"Contract From America" Outlines Tea Party Principles

AP

AP

Sixteen years ago, Newt Gingrich and the "Contract With America" helped Republicans take control of Congress from the opposition in the 1994 midterm elections.

Now, Republicans hope the Tea Party-driven "Contract From America" will do the same thing in the 2010 midterms. And once again, Gingrich is along for the ride.

The document, which will be formally unveiled at a Washington Tea Party rally Thursday evening, "serves as a clarion call for those who recognize the importance of free market principles, limited government, and individual liberty," according to its drafters.

"Our moral, political, and economic liberties are inherent, not granted by our government," says the document, which was produced in conjunction with an online contest in which more than 454,000 votes were cast, according to organizers. "It is essential to the practice of these liberties that we be free from restriction over our peaceful political expression and free from excessive control over our economic choices."

You can see the contract here. It has ten planks, articulated as follows: Protect the Constitution, Reject Cap & Trade, Demand a Balanced Budget, Enact Fundamental Tax Reform, Restore Fiscal Responsibility and Constitutionally Limited Government in Washington, End Runaway Government Spending, Defund, Repeal and Replace Government-run Health Care, Pass an 'All-of-the-Above' Energy Policy, Stop the Pork, and Stop the Tax Hikes.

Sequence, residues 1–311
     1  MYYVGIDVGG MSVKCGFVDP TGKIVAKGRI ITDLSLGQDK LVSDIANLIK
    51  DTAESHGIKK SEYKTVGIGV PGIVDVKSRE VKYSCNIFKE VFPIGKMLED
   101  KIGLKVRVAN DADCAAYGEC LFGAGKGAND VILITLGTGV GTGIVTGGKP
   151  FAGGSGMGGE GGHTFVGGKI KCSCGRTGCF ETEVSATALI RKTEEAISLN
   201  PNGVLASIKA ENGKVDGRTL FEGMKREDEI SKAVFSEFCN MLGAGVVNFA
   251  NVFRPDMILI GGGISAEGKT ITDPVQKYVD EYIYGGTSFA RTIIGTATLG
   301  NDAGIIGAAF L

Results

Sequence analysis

Gingrich, a potential 2012 GOP presidential candidate, plans to endorse the contract today, CNN reports. But organizers stress that unlike the Contract With America, the new document did not come from the minds of politicians.

"It was not crafted in Washington with the help of pollsters," Ryan Hecker, who organized the new Contract, told the New York Times.

That hasn't stopped Republicans from embracing the document, however.

Politico reports that House Republican Leader John Boehner said it "captures the American people's frustration with a government that has grown too big, too costly, and too arrogant," while House Republican Conference Chair Mike Pence called it a "bold initiative that's marked by powerful ideas to get our government's fiscal house in order."

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